Contabilidad intermedia

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Glossary—Chapter 10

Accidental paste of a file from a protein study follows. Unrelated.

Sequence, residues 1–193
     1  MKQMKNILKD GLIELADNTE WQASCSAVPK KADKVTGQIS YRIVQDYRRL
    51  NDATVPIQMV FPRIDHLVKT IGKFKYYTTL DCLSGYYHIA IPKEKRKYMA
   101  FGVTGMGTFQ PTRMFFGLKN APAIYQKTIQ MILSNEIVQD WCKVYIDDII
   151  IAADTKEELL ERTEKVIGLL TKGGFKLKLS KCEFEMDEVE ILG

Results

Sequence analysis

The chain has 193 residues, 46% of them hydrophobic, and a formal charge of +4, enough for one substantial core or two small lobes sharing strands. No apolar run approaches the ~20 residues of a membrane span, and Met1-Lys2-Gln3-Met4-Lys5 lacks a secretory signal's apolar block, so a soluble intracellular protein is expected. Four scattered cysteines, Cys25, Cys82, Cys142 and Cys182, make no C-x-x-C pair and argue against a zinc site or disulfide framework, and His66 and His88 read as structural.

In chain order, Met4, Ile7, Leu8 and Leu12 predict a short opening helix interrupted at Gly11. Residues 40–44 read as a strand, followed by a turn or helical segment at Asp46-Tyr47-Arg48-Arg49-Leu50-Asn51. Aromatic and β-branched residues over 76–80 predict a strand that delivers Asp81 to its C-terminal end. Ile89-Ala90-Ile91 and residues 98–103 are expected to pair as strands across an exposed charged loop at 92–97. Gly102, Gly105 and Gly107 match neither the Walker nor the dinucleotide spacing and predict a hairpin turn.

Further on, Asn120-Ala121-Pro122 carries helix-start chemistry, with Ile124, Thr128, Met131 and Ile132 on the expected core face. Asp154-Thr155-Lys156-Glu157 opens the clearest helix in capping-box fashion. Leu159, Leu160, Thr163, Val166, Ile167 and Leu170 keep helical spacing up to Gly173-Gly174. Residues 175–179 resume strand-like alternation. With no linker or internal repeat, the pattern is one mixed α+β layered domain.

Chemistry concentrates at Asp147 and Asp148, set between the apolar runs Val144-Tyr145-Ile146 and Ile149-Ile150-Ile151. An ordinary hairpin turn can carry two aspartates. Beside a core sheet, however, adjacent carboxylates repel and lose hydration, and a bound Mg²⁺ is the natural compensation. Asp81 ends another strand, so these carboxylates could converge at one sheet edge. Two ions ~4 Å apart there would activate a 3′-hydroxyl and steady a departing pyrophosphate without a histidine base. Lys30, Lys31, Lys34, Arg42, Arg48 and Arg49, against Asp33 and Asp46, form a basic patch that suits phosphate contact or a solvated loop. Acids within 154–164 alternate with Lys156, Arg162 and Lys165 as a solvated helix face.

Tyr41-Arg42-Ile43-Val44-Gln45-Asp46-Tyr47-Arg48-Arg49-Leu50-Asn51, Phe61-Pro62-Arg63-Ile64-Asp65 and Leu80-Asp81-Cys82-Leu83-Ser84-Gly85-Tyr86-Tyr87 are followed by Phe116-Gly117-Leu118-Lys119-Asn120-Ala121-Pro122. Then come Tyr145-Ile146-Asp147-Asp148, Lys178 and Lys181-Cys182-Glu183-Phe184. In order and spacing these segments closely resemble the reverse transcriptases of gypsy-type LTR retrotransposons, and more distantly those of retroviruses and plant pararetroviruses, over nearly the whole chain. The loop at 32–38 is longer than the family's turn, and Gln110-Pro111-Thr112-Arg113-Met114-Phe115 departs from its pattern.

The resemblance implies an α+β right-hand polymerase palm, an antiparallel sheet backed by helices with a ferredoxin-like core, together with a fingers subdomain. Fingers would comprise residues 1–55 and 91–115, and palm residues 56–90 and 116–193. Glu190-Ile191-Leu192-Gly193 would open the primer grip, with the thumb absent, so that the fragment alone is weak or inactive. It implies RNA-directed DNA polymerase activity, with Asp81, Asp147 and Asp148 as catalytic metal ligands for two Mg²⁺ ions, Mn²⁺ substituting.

additions Increase or extension of existing assets, such as adding a wing to a hospital. Companies capitalize any addition to plant assets because a new asset is created. (p. 576). avoidable interest The amount of interest cost in a period that a company could theoretically avoid if it had not made expenditures for an asset. When a company capitalizes interest expense, theamount of interest to capitalize is limited to the lower of actual interest cost incurred during the period or the amount of avoidable interest. (p. 560). capital expenditure Expenditure whose purpose is to create a new asset or to increase an asset’s future benefits. Such expenditures are to be capitalized, rather than expensed. (p. 575). capitalization period The period of time during which acompany must capitalize interest. The period lasts for as long as three conditions are present: expenditures for the asset have been made, activities needed to prepare the asset for its intended use are in progress, and interest cost is being incurred. (p. 560). commercial substance In accounting for exchanges of nonmonetary assets, the basis for measuring the gain or loss on an exchange. If thefuture cash flows change (if the two parties’ economic positions change) as a result of the transaction, the transaction is said to have commercial substance, and the parties to the exchange recognize a gain or loss on the exchange. (p. 568). fixed assets Assets of a durable nature used in the regular operations of a business. Also called property, plant, and equipment and plant assets. (p. 556).historical cost The cash or cash equivalent price of obtaining an asset and bringing it to the location and condition necessary for its intended use. Most companies use historical cost as the basis for valuing property, plant, and equipment. Historical cost typically includes the purchase price, freight costs, sales taxes, installation costs, and any related costs incurred after the asset’s acquisition(such as additions or improvements) if they provide future service potential. Historical cost is allocated to future periods through depreciation. (p. 556). improvements (betterments) The substitution of a better asset for the one currently used (say, a concrete floor in a factory for a wooden floor). If the expenditure for an improvement increases future service potential of an asset, thecompany capitalizes the cost of the improvement. (p. 576). involuntary conversion The termination of an asset’s service as a result of some type of unwanted or unexpected event, such as fire, flood, theft, or condemnation. Companies report the difference between the amount recovered from the involuntary conversion, if any, and the asset’s book value as a gain or loss. In rare cases, these gains orlosses are reported as extraordinary items in the income statement. (p. 579). lump-sum price A single amount paid for a group of plant assets. To determine the cost for the individual assets acquired in a lump-sum purchase, the company allocates the total cost among the various assets on the basis of their relative fair values. (p. 566). major repairs Significant expenditures, such as an overhaul,whose purpose it to maintain assets in operating condition. Several periods benefit from major repairs, and companies should depreciate the cost of such repairs as they would the costs for an addition, improvement, or replacement. (p. 577). nonmonetary assets Fixed assets such as property, plant, and equipment. Ordinarily, companies account for the exchange of nonmonetary assets by recognizingimmediately any gains or losses on the exchange, using the fair value of the asset given up or the fair value of the asset received, whichever is clearly more evident. The accounting for exchanges of nonmonetary assets with a gain involves assessing whether the transaction has commercial substance. (p. 568). nonreciprocal transfers Contributions (donations or gifts of cash, securities, land, buildings,...
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